Beyond the Door of No Return
By David Diop
Our Share of Night

Our Share of Night, by Mariana Enriquez (translated by Megan McDowell)

A masterful work of literary horror, Our Share of Night uses the genre to explore the legacies of societal and familial violence. The book begins with a father and a son on a seemingly humdrum road trip: The recently widowed dad, Juan, is worried that he doesn’t know how to parent, while his precocious son alternates between being hungry and falling asleep. But, we quickly learn, Juan can see the dead, including people who were disappeared by Argentina’s military dictatorship—and his son seems to have inherited his frightening abilities. We learn, too, that at their closed-off jungle compound, the powerful family of Juan’s deceased wife performs cruel rituals in search of immortality; they require his reluctant participation to do so and are eager for his son’s eventual involvement. Enriquez is a confident and inventive writer, and she holds together these elaborate plot strands with immense skill, cycling through decades and narrators to tell an eerie tale of love and terror, sacrifice and greed. By its end, the novel suggests that the true consequence of covert brutality is the complicity it demands from all who wield or endure it.

Our Share of Night
By Mariana Enriquez
The Country of the Blind

The Country of the Blind, by Andrew Leland

In his teens, Leland was diagnosed with retinitis pigmentosa, a condition that degrades eyesight over time, and he knew from that moment that he would ultimately go blind. For decades, his disease progressed slowly enough that he could ignore it. But writing in his 40s “at the end of sight,” Leland confronts not only the reality of becoming blind but also the philosophical and cognitive reorientation this inspires. He admits to feeling at times like an interloper in his new community, even as he pushes himself to become a contributing member and comes to prize its wisdom. His education in navigating the world without his eyes is an entry point into a fascinating cultural history of blindness. The great strength of this memoir is its voracious, humble curiosity; throughout, Leland treats losing his vision as just as much an opportunity as a foreclosure. “Most days I really do feel like my growing blindness is not to be feared,” he writes—it “opens up interesting hermeneutic and epistemological questions that I could spend the rest of my life exploring.”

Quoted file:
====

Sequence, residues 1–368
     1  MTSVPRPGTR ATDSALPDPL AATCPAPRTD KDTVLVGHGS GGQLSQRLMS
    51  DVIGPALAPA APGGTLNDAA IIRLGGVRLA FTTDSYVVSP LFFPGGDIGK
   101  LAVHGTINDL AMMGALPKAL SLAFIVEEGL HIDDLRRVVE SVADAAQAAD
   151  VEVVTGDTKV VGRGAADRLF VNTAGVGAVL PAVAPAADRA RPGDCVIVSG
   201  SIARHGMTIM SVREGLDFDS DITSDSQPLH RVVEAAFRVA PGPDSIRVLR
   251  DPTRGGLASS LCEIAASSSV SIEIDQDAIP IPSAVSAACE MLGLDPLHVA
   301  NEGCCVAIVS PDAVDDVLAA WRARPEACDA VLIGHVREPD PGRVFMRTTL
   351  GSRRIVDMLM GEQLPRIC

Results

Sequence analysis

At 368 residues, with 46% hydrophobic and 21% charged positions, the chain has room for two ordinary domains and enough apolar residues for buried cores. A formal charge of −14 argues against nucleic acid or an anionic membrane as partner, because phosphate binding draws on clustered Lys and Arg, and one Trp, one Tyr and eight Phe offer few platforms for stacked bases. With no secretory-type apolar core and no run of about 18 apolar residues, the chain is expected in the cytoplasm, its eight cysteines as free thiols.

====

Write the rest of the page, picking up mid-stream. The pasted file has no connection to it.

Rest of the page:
The Country of the Blind: A Memoir at the End of Sight
By Andrew Leland
Ours Was the Shining Future

Ours Was the Shining Future, by David Leonhardt

The story of economic inequality and social unraveling in the past half century is not new, but it has seldom been told as well and as damningly as in Leonhardt’s Ours Was the Shining Future. Leonhardt is a longtime New York Times journalist—a policy wonk with a passion for justice—and this book is the culmination of decades of work. He combines a historical narrative that goes back to the Depression with statistical research and unorthodox political analysis to show how the American economy stopped benefiting the majority and became an instrument of acquisition for the few. Leonhardt lays the blame on elites of both parties, and he never flinches from the implications of his findings. For anyone who wants to build a movement for fairness in this country, his advice is simple: Pay attention to those Americans whose struggles in a heartless economy make them easy to overlook.